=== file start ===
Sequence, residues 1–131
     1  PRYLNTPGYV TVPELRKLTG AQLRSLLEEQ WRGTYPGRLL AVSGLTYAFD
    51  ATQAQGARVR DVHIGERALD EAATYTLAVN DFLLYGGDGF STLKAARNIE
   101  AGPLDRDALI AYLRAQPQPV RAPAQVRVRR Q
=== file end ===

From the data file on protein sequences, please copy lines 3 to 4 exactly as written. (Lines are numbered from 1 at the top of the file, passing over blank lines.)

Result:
    51  ATQAQGARVR DVHIGERALD EAATYTLAVN DFLLYGGDGF STLKAARNIE
   101  AGPLDRDALI AYLRAQPQPV RAPAQVRVRR Q